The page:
The Following Season 1 Review “Chapter Two”

For the longest time, the television medium has been considered the weak sister of movies. That opinion has started to change in recent years, but the stigma still remains. Any time a big movie star makes his way to television, the move comes with inevitable questions about the state of their career. Furthermore, if a movie star can give a half-decent performance in any credible drama, he/she is instantly a favorite to win every award that exists. As a result, TV is often seen as a stepping stone to movies for young, up-and-comers, or a quick awards grab for some veterans looking to stay relevant in the zeitgeist.

To a certain extent, this stigma still remains. However, the conversation surrounding movie stars coming to television is starting to change. Television gives storytellers the opportunity to tell their story at the pace they want to tell it. Instead of the constraints of a 2 hour movie, writers, showrunners, and actors now have the chance to craft a narrative over 10, 13, or 22 episodes. When you couple that fact with the rise of the cable prestige drama, it’s a wonder more movie stars don’t come to the small screen.

I lead with all this exposition not to mirror tonight’s episode (though there was A LOT of exposition), but to bring up that all of those reasons have led Kevin Bacon to our television screens. This show certainly has its warts, but Mr. Bacon definitely isn’t one of them. In this week’s exposition-heavy episode, Bacon was tremendous. The bouncing back and forth in time gave us the opportunity to see more of a different version of Ryan Hardy than the vodka-in-the-water-bottle ex-agent he is now. For his part, Bacon captured the subtle nuances between the two different versions of Hardy. He seemed livelier in the past while doing a good job playing the beaten down former cop in the present day. Kevin Bacon’s presence in this series is a bright spot in an otherwise bland series.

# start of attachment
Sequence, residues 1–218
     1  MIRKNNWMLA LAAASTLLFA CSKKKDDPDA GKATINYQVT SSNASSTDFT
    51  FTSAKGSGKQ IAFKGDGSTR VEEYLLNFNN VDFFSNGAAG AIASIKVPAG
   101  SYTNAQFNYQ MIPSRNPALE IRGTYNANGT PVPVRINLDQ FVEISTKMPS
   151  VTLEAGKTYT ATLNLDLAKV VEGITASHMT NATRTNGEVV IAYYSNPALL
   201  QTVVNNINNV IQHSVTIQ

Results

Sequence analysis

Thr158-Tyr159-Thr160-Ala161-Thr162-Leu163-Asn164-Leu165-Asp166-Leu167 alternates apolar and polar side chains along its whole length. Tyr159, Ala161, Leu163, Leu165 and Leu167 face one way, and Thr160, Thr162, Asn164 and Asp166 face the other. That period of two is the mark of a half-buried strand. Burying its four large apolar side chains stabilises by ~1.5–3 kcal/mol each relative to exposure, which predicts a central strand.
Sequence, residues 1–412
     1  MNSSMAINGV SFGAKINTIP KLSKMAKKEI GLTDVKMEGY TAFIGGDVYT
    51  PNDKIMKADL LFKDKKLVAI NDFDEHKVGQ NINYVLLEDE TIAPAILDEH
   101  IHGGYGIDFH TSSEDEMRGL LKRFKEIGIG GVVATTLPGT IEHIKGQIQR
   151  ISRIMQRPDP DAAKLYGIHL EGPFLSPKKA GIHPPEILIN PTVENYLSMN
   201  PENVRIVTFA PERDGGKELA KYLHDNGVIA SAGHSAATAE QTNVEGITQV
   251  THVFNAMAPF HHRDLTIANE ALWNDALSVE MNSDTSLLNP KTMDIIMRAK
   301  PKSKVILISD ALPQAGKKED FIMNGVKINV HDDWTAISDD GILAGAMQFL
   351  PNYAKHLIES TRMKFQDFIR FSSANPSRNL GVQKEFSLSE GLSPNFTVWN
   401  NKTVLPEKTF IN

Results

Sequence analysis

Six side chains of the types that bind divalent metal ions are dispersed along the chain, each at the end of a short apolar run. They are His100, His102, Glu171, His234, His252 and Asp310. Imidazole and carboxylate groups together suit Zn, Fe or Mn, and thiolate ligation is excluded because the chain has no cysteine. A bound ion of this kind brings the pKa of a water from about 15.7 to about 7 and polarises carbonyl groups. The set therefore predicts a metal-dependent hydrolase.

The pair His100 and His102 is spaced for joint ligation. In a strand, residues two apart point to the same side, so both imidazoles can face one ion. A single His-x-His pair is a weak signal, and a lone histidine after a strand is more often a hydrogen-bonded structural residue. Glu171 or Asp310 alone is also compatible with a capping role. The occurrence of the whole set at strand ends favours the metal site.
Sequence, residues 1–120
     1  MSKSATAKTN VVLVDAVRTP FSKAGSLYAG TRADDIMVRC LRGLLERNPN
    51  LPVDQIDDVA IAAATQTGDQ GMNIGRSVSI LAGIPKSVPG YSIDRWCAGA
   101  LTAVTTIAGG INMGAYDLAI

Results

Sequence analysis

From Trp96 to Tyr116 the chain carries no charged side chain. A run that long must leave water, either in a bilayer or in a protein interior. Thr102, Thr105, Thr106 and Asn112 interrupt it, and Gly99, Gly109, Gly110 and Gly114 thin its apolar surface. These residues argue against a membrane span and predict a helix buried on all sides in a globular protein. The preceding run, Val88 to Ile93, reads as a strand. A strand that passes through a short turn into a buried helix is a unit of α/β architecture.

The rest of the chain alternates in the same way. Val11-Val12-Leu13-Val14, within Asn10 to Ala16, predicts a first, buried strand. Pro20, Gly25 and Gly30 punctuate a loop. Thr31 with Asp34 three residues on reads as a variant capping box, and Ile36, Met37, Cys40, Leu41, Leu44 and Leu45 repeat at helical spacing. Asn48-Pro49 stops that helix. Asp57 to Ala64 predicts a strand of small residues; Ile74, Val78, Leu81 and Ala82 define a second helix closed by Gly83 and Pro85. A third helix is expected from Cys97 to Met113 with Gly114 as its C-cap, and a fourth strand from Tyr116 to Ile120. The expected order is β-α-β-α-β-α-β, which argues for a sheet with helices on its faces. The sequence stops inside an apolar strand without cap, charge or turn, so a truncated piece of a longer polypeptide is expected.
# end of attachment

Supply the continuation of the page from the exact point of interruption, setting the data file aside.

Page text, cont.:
When crafting a serial killer-based drama series, the idea of motivation should be in the forefront. Every twisted serial killer has some sort of crazed agenda. Some are rather fascinating (i.e., Dexter), some are not. Fitting in the latter category is Joe Carroll’s obsession with Poe-style artistic renderings through murder. It’s going to be far more interesting to follow the cult of serial killers he has created. What twisted worldview has led them to want to please this man? You can postulate your own theories (it’s the accent, right?), but the show has a lot of pressure on it to make these characters compelling. Carroll may have turned them loose, but James Purefoy’s Hannibal Lecter impersonation can’t sustain an entire series. It will be fun to watch him spar with Bacon and the always solid Natalie Zea, but Carroll’s minions are going to have to do more than play house and bicker over who gets the big bed.

With plenty of exposition plowed through in this episode, it seems like future episodes are going to provide more action. Whether the action proves to be in the service of anything meaningful remains to be seen.